They are not the best web host in the world, but they are pretty darn good and they are one of the cheapest web host in the industry. I think I signed up for maybe 2 or 3 years and I pay something around $3.20 per month. So it’s ridiculously cheap and I host about 4 or 5 websites through Arvixe. Go ahead and check them out, go to pelt.co/arvixe and if you use the code, “PELTDISCOUNT”, you’re going to get 20% off your first invoice.

I use Arvixe, I recommend them. They’re not flawless, but they are very good and very cheap. So if you need your website hosted, consider Arvixe. And again, use the code, “PELTDISCOUNT” to get 20% off.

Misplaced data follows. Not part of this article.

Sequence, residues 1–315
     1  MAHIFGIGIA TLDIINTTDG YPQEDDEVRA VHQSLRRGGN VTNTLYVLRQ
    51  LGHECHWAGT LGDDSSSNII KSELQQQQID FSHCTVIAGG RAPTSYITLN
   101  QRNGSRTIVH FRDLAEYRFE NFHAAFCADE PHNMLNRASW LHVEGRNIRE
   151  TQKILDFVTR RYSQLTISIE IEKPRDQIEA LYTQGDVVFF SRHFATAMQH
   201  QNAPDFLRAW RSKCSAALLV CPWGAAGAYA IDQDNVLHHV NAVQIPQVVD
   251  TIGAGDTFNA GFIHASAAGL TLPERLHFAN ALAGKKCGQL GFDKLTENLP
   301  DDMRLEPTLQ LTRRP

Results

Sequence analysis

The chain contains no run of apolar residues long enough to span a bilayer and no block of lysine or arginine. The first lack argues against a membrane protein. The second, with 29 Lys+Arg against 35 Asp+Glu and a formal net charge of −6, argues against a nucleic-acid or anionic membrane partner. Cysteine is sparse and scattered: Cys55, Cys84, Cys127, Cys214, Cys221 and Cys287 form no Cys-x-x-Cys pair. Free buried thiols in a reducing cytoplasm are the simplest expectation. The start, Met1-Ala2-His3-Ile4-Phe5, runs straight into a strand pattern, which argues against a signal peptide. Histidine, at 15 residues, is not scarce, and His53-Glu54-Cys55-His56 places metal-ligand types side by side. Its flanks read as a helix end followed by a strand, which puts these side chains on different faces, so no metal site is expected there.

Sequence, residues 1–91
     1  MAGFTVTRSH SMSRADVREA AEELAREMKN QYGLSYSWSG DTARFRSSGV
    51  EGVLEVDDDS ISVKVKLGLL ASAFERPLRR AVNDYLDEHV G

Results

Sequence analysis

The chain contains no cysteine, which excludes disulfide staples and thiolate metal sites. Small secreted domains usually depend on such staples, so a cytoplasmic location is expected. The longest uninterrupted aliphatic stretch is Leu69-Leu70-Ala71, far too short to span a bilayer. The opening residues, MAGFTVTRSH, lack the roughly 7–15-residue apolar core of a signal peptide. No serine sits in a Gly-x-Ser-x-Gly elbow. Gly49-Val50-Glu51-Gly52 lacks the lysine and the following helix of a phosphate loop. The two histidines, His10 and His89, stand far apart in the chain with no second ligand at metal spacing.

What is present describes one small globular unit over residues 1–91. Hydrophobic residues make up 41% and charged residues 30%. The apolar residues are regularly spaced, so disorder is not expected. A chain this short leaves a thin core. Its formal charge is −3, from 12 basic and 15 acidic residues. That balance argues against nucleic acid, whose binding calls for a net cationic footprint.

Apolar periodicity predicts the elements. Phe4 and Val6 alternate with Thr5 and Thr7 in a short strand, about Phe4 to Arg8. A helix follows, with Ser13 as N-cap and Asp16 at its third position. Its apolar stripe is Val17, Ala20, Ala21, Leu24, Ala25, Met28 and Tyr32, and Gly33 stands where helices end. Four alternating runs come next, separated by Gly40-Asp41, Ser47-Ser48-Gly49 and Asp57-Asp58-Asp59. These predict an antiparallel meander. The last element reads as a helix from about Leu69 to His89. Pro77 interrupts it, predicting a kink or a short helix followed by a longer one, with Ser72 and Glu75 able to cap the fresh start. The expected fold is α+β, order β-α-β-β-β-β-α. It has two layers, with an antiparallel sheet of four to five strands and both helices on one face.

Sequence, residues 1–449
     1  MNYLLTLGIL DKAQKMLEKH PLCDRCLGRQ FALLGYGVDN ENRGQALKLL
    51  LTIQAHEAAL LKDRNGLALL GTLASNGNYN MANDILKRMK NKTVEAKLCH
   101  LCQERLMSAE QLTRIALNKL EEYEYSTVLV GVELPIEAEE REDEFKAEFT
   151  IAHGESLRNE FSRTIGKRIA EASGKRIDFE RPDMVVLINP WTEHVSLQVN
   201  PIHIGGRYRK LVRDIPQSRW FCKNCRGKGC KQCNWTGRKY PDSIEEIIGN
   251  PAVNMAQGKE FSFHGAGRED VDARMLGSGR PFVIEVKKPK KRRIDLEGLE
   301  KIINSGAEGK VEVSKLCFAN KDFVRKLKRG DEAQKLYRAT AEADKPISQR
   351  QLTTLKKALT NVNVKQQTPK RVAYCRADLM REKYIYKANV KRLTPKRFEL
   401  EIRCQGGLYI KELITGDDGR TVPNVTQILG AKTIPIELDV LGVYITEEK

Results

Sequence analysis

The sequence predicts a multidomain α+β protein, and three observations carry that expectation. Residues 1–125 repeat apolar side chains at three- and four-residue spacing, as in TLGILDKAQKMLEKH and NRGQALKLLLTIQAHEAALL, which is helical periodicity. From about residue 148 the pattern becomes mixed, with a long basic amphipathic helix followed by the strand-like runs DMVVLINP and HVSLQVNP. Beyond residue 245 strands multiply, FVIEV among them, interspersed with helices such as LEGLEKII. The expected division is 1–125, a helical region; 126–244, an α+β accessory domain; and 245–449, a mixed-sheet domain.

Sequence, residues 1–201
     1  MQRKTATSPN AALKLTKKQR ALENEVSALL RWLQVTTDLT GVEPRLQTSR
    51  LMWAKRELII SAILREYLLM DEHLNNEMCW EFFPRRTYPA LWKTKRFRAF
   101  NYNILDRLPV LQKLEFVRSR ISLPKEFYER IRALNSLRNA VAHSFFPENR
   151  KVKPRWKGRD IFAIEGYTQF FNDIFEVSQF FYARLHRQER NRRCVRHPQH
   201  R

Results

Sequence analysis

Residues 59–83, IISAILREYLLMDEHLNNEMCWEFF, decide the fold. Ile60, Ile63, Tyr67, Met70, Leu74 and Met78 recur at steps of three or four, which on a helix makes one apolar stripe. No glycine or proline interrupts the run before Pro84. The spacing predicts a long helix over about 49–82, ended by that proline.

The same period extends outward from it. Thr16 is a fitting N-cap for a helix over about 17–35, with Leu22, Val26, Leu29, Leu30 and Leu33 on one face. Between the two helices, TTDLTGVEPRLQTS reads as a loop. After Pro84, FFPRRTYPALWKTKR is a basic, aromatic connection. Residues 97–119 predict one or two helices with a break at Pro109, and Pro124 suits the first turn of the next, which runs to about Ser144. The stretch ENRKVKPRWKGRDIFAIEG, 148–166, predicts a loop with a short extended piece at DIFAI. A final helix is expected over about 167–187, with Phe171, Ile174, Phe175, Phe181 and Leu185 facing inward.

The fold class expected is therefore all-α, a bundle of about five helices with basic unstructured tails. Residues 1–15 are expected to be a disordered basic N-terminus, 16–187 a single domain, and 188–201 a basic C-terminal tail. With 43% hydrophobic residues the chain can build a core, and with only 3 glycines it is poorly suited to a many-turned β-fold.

That’s it today for me, guys. I wish you the best in your business and until next time, if you want instructions, go and buy some furniture.

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#66 My Business Strategy Moving Forward

iniartworksmallSince I realised my current business strategy wasn’t working I have created a new strategy that I will be testing.

Hey Guys, Ryan here from Instructions Not Included. I wanted to give you an update on my strategy of my business moving forward.

I last recorded and episode a little over a week ago how I made the realization that my business wasn’t actually viable the way I was approaching it and I needed to make some major changes to my business and to my business model. And so, I wanted to give you guys a bit of an update on where I’m at with that and some of the plans I have moving forward. So, if you haven’t listened to the previous episode, go back and listen to that so you can see the realization that I had.